The Empathy Foundation Network

Growing empathy for a peaceful world

I've recently read Alice Miller's classic The Drama of Being a Child and found it riveting. Alice Miller's work on the psychological effects of childhood abuse and neglect, both physical and emotional, leads humanity's awakening to the truth about this taboo subject.

Robin Grille quotes her work frequently in Parenting for a Peaceful World. I will be reading more of her books and would be most interested to have discussions with people here about her work. I have posted the whole of a piece from her website called the Roots of Violence are Not Unknown . I have added some italics to the sections where she specifically describes the link between childhood treatment and empathy.

Miller's work is challenging. She makes it very clear that we need to face what happened to us as children in order to become free of the anger that is still inside us. She does not excuse parents, neither does she blame them. She insists that denial of the truth is detrimental to us personally and universally to humanity. Some of the discussion around feminism's excusing of mothers from responsibility is challenging for me. Some of the pieces written by others iI feel are blaming. Alice Miller herself I do not hear as blaming, rather as truthful. The more I read of her work the more I like it!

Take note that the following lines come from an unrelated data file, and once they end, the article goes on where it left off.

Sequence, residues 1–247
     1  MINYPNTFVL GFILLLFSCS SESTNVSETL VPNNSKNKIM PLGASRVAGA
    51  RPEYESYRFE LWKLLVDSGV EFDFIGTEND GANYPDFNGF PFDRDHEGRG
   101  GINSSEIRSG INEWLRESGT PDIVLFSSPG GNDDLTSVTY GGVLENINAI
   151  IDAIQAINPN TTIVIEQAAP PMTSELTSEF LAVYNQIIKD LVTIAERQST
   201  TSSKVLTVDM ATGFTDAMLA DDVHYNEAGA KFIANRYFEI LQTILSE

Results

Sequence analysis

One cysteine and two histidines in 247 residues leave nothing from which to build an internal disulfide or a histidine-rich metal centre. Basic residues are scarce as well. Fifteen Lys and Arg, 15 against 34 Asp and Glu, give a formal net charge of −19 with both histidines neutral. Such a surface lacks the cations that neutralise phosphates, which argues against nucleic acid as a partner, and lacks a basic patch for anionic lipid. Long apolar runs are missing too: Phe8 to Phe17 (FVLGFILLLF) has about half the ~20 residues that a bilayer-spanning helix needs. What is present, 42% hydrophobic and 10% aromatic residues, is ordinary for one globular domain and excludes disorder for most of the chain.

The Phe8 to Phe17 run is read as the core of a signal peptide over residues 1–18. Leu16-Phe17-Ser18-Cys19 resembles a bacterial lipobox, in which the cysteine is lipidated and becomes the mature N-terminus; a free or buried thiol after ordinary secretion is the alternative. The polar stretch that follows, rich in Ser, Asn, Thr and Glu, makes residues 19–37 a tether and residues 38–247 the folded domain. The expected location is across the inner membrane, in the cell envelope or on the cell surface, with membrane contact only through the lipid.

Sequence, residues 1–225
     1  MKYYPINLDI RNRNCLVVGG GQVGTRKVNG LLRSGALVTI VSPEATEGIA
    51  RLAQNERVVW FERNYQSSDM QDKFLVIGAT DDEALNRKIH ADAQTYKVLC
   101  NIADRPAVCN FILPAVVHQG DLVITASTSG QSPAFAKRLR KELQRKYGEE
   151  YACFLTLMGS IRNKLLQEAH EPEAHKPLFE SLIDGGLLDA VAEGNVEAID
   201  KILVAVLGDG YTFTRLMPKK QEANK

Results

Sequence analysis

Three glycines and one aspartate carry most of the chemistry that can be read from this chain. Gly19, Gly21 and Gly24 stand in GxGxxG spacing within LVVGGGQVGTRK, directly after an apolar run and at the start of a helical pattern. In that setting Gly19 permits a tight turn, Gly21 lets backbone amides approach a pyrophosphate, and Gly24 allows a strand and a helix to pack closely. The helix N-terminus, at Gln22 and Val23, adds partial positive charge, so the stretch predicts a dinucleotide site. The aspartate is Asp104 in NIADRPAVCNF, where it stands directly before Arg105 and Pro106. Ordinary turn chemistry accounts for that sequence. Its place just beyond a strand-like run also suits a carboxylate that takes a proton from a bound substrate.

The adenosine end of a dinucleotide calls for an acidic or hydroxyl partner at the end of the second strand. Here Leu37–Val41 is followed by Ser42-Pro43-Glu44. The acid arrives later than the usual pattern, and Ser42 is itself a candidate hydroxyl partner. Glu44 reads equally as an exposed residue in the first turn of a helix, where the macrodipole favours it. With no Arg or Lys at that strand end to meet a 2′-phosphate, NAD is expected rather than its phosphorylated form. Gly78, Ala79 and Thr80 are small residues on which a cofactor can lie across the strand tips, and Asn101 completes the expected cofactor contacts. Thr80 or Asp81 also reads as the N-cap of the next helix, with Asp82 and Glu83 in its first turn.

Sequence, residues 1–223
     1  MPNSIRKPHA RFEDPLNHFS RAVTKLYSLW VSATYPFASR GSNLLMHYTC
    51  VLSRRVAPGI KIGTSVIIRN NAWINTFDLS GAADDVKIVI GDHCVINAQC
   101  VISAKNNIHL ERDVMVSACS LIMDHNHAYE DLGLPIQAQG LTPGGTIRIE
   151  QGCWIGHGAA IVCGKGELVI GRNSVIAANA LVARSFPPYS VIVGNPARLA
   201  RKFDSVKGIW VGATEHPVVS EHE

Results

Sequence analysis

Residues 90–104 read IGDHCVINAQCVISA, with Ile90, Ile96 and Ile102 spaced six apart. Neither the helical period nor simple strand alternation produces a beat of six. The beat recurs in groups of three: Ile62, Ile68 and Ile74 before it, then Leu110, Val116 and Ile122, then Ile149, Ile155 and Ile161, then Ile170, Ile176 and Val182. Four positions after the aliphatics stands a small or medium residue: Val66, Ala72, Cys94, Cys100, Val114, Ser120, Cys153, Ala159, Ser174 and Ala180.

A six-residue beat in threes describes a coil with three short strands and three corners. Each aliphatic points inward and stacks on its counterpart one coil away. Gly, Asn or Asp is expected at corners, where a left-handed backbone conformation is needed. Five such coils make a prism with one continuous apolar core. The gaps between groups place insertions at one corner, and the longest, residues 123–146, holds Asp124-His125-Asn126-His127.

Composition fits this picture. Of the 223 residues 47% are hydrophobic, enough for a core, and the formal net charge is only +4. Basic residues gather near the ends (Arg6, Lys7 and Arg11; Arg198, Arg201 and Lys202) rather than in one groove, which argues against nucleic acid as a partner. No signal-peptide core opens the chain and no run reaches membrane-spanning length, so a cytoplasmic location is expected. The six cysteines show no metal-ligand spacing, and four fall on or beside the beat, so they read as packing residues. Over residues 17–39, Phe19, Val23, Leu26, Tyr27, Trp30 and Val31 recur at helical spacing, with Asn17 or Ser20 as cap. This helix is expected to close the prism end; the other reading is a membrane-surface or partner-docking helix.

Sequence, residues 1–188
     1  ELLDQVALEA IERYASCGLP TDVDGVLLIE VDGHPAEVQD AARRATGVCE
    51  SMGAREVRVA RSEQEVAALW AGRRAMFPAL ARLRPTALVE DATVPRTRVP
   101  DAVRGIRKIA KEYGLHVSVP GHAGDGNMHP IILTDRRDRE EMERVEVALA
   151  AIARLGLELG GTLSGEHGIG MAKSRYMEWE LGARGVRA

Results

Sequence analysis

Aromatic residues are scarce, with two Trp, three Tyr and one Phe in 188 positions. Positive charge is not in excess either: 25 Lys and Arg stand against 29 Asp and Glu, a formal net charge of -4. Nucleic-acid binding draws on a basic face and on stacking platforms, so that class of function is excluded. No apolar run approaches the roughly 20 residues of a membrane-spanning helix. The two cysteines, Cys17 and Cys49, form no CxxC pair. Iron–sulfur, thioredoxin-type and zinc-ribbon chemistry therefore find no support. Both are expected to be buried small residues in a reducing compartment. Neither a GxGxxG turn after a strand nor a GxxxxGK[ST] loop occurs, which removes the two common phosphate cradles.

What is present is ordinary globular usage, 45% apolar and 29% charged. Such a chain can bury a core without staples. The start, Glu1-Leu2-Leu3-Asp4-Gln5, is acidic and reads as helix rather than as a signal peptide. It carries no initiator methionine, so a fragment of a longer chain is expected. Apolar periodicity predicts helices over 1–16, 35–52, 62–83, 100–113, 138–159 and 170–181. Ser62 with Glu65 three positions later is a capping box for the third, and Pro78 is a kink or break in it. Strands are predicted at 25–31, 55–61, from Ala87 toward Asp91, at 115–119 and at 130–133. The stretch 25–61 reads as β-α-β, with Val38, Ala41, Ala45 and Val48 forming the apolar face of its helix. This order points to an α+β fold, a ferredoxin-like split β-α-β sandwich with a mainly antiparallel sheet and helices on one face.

I have added her Roots of Violence - 12 points as a featured blog post too as I think it is such a clear statement of the case.

Alice miller's web address is www.alice-miller.com

This is one of a number of flyers on her website on key topics like this one Alice Miller defines Child Mistreatment, Child Abuse

love to all, Alice

The Roots of Violence are NOT Unknown

by Alice Miller

The misled brain and the banned emotions

The Facts:

1. The development of the human brain is use-dependent. The brain develops its structure in the first four years of life, depending on the experiences the environment offers the child. The brain of a child who has mostly loving experiences will develop differently from the brain of a child who has been treated cruelly.

2. Almost all children on our planet are beaten in the first years of their lives. They learn from the start violence, and this lesson is wired into their developing brains. No child is ever born violent. Violence is NOT genetic, it exists because beaten children use, in their adult lives, the lesson that their brains have learned.

3. As beaten children are not allowed to defend themselves, they must suppress their anger and rage against their parents who have humiliated them, killed their inborn empathy, and insulted their dignity. They will take out this rage later, as adults, on scapegoats, mostly on their own children. Deprived of empathy, some of them will direct their anger against themselves (in eating disorders, drug addiction, depression etc.), or against other adults (in wars, terrorism, delinquency etc.)

Questions and Answers:

Q: Parents beat their children without a second thought, to make them obedient. Nobody, except a very small minority, protests against this dangerous habit. Why is the logical sequence (from being a misled victim to becoming a misleading perpetrator) totally ignored world-wide? Why have even the Popes, responsible for the moral behaviour of many millions of believers, until now never informed them that beating children is a crime?